Friday, February 19, 2010

Light My COVER CLASH #2!

Today is the second installment of EDAS' Favorite series, Cover Clash. Today's contest will be alittle different in that it is a Three-Way, Triangle Death Match... The winner becomes enshrined forever in the Every Day, Another Song: Cover Clash Hall of Fame for the battle over... LIGHT MY FIRE!

In the Red Corner...
The OG's of "The Fire," Jim Morrison, Ray Manzarek, Robbie Kreiger and some other dude (least famous member, drummer John Densmore), collectively known as The Doors.

The second single from their 1967 debut album really helped them "Break On Through" since it was the first ever Elektra Single to hit number 1, selling over a million copies. The real story with The Doors' version stems from a performance on The Ed Sullivan Show in 1967 where Mr. Sullivan demanded that Morrison and Company omit the lyric "Higher" since at that time you weren't allowed to use such broadly defined English words with any vernacular connotations on TV. In "The End" for whatever reason, Jim Morrison sang the original lyrics and The Doors were subsequently banned from The Ed Sullivan Show forever. Morrison's Response: "Hey man, so what? We just did the Ed Sullivan Show"

In the Blue Corner...
Representing the World Music Team. Puerto Rican born, but Spanish Harlem raised, Jose Feliciano.

This version, released just two years after the original on his album Feliciano, catapulted the Latin Guitarist to worldwide stardom. He even won two Grammy Awards, one for "Best New Artist" and the other for his version of "Light My Fire" which actually took home the trophy for "Best Male Pop Song." In my opinion, Feliciano's success comes from his delicate balance between expressing his own Latin-Blues style, and maintaining the integrity of the original Doors song. His non-American influences really contribute to what separates his recording from the hundreds and maybe thousands of covers that are out there. Regardless of this Cover Clash outcome, Jose's album is amazing and features more covers including selections from The Beatles and The Mamas & The Papas, so don't be surprised if we come across him again.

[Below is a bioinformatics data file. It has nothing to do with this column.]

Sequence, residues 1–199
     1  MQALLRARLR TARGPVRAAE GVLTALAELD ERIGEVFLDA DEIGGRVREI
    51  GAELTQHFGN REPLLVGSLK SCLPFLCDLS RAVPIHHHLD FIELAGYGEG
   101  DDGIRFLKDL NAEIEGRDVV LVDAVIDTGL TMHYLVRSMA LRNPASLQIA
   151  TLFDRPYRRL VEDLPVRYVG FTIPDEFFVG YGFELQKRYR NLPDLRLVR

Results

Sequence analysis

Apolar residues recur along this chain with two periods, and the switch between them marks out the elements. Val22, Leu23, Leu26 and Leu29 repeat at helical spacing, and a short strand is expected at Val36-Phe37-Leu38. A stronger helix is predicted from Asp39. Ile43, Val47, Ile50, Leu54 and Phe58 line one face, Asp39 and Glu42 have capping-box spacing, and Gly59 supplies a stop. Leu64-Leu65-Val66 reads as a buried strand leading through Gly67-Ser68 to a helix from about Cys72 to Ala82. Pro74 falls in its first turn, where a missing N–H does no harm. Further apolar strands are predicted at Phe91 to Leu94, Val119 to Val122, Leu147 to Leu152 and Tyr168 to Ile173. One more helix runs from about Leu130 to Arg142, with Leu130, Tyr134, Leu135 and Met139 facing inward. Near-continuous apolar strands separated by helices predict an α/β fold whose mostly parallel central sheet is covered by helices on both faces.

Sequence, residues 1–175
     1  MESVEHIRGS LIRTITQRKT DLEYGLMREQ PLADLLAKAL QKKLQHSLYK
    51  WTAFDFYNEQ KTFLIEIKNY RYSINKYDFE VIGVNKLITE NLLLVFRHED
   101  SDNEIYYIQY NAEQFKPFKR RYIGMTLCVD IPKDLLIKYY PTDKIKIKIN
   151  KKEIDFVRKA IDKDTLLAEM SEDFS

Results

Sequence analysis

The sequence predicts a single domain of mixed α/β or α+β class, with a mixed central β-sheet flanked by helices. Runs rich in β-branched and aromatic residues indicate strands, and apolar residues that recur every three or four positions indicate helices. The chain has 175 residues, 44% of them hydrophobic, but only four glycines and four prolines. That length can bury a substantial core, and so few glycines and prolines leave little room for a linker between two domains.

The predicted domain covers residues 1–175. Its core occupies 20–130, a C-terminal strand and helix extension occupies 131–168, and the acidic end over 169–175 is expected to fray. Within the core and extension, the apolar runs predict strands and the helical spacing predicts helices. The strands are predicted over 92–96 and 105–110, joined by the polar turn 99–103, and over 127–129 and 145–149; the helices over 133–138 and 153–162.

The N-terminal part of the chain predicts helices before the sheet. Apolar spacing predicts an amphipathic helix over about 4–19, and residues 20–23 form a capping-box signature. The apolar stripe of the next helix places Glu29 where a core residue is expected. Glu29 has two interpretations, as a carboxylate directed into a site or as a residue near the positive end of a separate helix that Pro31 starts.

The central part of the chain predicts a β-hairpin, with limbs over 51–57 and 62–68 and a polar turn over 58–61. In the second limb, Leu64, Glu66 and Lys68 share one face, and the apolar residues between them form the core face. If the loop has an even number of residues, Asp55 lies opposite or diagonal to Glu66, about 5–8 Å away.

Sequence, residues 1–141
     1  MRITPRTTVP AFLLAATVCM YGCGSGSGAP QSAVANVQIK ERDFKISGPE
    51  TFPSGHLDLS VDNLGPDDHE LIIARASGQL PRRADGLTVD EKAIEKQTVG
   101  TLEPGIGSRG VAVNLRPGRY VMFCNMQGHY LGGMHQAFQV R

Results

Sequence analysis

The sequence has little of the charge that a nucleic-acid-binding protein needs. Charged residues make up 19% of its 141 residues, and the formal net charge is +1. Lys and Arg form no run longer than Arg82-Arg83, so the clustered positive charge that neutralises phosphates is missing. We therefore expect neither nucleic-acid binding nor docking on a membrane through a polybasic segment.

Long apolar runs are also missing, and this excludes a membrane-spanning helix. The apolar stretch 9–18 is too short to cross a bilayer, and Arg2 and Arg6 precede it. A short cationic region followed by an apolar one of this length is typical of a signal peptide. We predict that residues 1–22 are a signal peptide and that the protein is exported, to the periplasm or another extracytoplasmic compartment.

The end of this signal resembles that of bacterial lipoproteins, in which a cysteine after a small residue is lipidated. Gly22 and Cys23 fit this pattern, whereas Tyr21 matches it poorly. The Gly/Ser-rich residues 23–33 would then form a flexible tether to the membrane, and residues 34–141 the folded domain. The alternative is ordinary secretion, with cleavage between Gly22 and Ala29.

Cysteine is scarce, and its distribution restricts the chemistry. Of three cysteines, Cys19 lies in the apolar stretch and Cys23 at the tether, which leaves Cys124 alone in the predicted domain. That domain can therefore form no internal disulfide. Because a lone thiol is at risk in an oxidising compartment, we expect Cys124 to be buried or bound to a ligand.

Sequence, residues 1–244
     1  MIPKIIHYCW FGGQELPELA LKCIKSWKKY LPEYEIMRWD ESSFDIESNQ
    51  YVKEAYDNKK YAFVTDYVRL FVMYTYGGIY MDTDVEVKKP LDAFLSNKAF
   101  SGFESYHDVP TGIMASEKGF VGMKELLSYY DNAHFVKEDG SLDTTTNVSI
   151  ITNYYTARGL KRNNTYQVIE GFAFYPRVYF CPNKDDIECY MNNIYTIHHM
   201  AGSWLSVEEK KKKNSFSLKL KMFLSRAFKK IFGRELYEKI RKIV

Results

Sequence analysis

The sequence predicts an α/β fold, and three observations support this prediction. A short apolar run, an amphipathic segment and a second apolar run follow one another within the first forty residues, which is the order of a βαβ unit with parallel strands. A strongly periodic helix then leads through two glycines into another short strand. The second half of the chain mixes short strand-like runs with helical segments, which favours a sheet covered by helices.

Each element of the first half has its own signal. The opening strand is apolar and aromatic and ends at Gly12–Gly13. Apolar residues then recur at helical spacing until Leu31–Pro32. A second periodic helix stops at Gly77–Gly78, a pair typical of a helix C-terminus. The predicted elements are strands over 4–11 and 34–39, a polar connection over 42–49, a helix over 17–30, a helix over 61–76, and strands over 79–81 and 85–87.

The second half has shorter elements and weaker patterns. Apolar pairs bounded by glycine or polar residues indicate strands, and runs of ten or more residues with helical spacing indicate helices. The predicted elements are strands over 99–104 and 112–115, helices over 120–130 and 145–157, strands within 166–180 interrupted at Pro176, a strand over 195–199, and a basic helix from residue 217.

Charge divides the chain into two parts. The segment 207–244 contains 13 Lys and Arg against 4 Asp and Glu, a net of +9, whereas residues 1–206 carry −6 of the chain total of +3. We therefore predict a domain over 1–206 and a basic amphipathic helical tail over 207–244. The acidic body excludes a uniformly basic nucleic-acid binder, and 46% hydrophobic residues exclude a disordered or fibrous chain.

And finally, the Third Challenger in this Three-Way Battle, in the GREEN Corner...

The Reverend... Al Green
Al Green is definitely one of my favorite singers/stories. Originally a tail chasing Soul Singer, Green turned into a man of God when an affair with an already married woman became a nightmare. Although she was already hitched, she allegedly dowsed him in boiling hot grits when he refused to marry her, giving him third degree burns over much of his body, before killing herself inside his Memphis home in 1974. Al Green took this experience as a message from God that he had to clean up his ways and straighten up. The Irony is that earlier in the year, Al Green had climbed the charts with his hit single, "Let's Get Married." CRAZY! Nevertheless, Green's gospel infusion probably helped the longevity of his career as he is said to have sold more than 20 Million Albums worldwide. His version of "Light My Fire" comes in the years before his metamorphosis, off his 1971 release, Al Green Gets Next To You. The best part of his song, contrary to Feliciano's attempt, is the complete lack of Doors integrity. The song is slowed down to the max and carried exclusively by Green's Memphis style Soul, the uniqueness of which makes this song a valid competitor to its successful predecessors.

Who gets the Gold and the Glory this time? Listen and Vote!

The Doors Original Version (1967)

Jose Feliciano's Version (1969)

Al Green's Version (1971)

Who does it best?

Song #79/ Cover Clash #2: Light My Fire

Cover Clash #2: Light My Fire


  1. I don't think it's fair to to include the original song whilst voting against it's covers. Most of the time the original would win.....It's so good that other artists had to cover it! Next time you should only pit cover songs against each other.